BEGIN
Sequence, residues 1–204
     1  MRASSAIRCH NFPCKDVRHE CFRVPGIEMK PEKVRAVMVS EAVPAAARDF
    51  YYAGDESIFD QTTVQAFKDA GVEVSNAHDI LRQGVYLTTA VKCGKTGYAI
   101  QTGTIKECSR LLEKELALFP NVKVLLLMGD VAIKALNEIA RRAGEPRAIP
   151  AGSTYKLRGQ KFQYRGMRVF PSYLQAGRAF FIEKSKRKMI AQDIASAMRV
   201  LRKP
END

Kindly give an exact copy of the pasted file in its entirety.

Sequence, residues 1–204
     1  MRASSAIRCH NFPCKDVRHE CFRVPGIEMK PEKVRAVMVS EAVPAAARDF
    51  YYAGDESIFD QTTVQAFKDA GVEVSNAHDI LRQGVYLTTA VKCGKTGYAI
   101  QTGTIKECSR LLEKELALFP NVKVLLLMGD VAIKALNEIA RRAGEPRAIP
   151  AGSTYKLRGQ KFQYRGMRVF PSYLQAGRAF FIEKSKRKMI AQDIASAMRV
   201  LRKP